29.05.2013 06:25, J. McRee Elrod:
> Jeff said:
>> In some ways, I think we worry too much about consistency and normal forms.
> One thing we learned in a failed expensive attempt to use ONIX, as
> well as publisher produced spread sheets, is that consistency is
> *very* important.

Consistency is not hugely important for purely descriptive data,
though for the general reader, inconsistency there can be
irritating and may cast an unfavorable light on the library's

Consistency is of utmost importance for access-related data. That's
why authority control was invented. For how else can a catalog achieve
reliable results in known-item searches and collocation?
Mind that those data not (yet) authority controlled can nonetheless
be relevant for search functions, like publishers' names, dates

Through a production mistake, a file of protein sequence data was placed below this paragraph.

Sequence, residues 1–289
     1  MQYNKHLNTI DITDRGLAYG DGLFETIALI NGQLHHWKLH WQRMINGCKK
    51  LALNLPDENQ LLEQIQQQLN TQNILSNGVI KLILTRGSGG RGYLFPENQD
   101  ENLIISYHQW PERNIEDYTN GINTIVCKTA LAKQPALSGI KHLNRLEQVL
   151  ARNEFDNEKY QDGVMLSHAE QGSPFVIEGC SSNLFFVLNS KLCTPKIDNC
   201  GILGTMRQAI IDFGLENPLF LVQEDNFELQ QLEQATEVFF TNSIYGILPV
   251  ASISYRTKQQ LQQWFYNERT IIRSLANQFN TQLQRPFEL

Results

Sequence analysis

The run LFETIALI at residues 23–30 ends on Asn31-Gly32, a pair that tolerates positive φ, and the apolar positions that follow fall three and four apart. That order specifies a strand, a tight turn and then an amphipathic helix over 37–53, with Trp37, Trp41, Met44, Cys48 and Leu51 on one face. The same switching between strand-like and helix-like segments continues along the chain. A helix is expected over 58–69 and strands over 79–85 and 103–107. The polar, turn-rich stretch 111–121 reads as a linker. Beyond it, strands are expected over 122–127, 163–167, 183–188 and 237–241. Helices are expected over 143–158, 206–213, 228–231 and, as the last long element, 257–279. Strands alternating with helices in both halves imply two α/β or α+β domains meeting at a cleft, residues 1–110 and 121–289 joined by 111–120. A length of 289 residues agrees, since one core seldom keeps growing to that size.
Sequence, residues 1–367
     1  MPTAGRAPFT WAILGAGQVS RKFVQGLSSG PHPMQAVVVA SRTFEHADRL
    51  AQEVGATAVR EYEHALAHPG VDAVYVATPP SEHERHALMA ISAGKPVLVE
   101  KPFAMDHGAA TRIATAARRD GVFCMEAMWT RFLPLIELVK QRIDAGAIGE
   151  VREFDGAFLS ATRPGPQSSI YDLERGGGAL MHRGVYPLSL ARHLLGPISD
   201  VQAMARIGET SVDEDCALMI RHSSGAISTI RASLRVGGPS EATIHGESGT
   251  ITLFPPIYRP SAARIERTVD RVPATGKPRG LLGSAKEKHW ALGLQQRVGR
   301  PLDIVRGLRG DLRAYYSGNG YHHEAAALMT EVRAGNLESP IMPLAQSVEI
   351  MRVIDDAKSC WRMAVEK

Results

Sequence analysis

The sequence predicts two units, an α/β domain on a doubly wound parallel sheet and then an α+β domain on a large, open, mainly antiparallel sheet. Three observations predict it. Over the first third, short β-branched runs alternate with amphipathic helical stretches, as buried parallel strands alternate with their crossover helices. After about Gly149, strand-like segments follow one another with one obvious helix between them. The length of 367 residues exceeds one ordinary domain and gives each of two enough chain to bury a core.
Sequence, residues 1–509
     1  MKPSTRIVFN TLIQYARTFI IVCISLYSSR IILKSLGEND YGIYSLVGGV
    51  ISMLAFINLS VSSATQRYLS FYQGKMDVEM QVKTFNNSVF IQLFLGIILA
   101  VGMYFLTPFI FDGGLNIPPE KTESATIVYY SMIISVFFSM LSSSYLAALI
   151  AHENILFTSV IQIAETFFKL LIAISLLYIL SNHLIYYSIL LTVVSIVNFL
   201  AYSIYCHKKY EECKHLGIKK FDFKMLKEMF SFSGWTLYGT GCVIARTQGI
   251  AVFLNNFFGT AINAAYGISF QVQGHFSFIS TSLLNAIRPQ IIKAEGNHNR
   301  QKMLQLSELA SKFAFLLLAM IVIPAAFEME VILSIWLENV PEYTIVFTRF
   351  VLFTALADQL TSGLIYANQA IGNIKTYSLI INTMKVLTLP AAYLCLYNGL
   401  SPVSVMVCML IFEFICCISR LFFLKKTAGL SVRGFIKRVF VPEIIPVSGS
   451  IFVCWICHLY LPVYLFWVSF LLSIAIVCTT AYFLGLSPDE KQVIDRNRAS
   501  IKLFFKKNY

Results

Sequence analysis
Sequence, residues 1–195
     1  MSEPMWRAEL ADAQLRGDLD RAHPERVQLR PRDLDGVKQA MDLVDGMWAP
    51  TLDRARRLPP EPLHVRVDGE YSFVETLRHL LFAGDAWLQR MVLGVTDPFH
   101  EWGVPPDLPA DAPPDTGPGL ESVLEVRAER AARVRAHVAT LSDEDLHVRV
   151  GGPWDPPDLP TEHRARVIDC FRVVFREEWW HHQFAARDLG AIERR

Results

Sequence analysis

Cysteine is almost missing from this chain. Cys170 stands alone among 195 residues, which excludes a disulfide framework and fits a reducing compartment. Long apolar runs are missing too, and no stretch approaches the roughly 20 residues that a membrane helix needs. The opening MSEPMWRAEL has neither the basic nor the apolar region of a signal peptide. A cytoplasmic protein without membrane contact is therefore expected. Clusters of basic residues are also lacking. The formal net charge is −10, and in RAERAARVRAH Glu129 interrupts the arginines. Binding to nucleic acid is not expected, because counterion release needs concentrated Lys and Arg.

and place of publication names. THe rules say nothing about what
elements may become relevant for search functions, they leave all of
that to implementers. Who are eager to provide all sorts of access
options the rules never bothered with.

Consistency must suffer when rules are changed, no matter what the
qualities of the new rules may be. New and better access functions
will work only for new records and those that can be upgraded
automatically to conform with the new rules. So, reliability must
deteriorate when large numbers of legacy records cannot be